Notes Harried OHair Opens in 73

By Associated PressJuly 14, 2005, 4:00 pm
ST. ANDREWS, Scotland -- Playing golf has always been the easiest part for Sean O'Hair. His first round in the British Open was no exception. After the travails he went through to get to St. Andrews, O'Hair seemed at home on the Old Course with a 1-over 73 that started out looking even better.
 
The 23-year-old rookie qualified for the Open four days ago when he won the John Deere Classic. The only problem was he didn't have a passport.
 
Sponsors of the John Deere went out of their way to fly O'Hair back home to Philadelphia, then pulled some connections with the White House to expedite a passport process that usually takes weeks.
 
O'Hair got in one practice round Wednesday, then was 2 under on the front before making three bogeys over his final seven holes.
 
'I had three three-putts on the back nine and that really killed me,' O'Hair said. 'So I am pleased with 1 over, but I think I could always do better than that. My goal tomorrow is to get it back in the red, and I think I know the golf course well enough by now to do that.'
 
THANKS FOR COMING:
Caddie Chuck Mohr walked briskly up nearly empty streets Thursday morning toward the Old Course. It was 5:45 a.m., and he and his boss, Bob Estes, were in for a long day.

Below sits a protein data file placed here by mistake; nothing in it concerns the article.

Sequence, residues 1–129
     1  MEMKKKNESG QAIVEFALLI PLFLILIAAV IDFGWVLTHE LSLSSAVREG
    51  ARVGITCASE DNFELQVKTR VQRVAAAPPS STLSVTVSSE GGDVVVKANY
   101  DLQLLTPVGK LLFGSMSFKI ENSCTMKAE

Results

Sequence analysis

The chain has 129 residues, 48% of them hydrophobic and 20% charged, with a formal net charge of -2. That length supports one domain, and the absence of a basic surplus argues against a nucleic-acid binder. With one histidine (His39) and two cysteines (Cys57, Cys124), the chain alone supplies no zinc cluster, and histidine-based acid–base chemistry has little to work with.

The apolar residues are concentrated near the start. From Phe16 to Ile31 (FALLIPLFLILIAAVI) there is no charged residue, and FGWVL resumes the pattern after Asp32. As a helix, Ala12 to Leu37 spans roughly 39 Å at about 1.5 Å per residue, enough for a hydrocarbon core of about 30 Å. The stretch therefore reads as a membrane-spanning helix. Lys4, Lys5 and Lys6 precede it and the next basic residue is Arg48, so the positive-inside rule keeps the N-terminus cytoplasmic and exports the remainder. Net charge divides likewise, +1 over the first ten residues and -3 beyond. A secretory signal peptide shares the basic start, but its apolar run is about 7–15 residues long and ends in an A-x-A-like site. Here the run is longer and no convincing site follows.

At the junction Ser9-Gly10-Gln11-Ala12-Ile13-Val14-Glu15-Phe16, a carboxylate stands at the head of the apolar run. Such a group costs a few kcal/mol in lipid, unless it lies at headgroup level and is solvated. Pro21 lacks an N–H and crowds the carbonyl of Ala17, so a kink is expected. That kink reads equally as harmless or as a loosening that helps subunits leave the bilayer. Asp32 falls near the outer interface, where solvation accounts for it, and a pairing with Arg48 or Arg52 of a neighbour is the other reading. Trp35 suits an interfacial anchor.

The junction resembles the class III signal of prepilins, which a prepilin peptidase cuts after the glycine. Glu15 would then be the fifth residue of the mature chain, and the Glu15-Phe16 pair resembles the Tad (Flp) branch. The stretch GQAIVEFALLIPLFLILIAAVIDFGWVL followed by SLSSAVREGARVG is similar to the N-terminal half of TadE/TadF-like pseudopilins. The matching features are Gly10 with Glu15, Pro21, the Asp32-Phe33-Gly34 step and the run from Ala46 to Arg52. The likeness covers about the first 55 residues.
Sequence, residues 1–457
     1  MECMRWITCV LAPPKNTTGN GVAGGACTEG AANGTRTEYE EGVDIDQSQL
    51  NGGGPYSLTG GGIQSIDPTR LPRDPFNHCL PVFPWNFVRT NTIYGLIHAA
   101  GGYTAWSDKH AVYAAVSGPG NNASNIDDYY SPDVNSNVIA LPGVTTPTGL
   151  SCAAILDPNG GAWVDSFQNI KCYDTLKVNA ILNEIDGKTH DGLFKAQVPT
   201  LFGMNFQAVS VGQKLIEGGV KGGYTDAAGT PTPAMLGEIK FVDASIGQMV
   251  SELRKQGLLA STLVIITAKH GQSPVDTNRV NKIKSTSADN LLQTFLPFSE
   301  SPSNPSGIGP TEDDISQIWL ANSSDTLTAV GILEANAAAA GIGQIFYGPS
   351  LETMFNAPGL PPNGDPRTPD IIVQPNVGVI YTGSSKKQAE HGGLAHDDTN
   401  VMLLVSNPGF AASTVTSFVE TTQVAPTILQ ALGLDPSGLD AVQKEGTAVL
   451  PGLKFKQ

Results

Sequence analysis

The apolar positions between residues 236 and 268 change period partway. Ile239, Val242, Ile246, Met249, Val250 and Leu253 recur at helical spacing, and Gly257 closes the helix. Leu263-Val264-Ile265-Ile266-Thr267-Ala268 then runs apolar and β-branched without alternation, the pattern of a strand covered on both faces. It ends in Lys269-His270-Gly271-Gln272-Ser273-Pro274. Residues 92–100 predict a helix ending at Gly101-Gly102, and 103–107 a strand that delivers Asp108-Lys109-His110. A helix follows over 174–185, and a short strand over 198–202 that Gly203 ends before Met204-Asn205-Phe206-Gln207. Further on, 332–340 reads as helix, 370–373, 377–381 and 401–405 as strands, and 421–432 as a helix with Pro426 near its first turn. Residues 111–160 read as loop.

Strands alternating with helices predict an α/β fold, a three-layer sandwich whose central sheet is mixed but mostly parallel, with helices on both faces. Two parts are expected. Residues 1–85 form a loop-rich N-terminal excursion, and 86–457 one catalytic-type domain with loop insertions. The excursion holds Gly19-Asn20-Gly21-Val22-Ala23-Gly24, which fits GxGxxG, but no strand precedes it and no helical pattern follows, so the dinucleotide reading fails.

Estes was the first alternate at the British Open. He had to be at there for the first tee time at 6:30 a.m., and couldn't leave until the last group went off nearly 10 hours later. Cleaning out his locker soon after, Estes had an empty feeling, especially after flying in from Texas on Monday with no guarantee of playing.
 
'The only thing that would have bothered me is if they called my name and I wasn't there,' Estes said.
 
He didn't get a tee time, but Estes got plenty of respect for going the extra mile -- about 6,000 in this case -- for a fleeting chance to play in golf's oldest major.
 
'I pretty much didn't think I'd get in, but I had to be ready,' said Estes, known for meticulous work habits. 'We got up really early. We were on the practice ground at 6 a.m. and doing a warm-up just in case, barring anyone getting sick or hurt. The next possibility would be somebody oversleeping and missing the morning tee time.
 
'The rest of the time,' he added, 'I've just been here in the clubhouse or eating a meal.'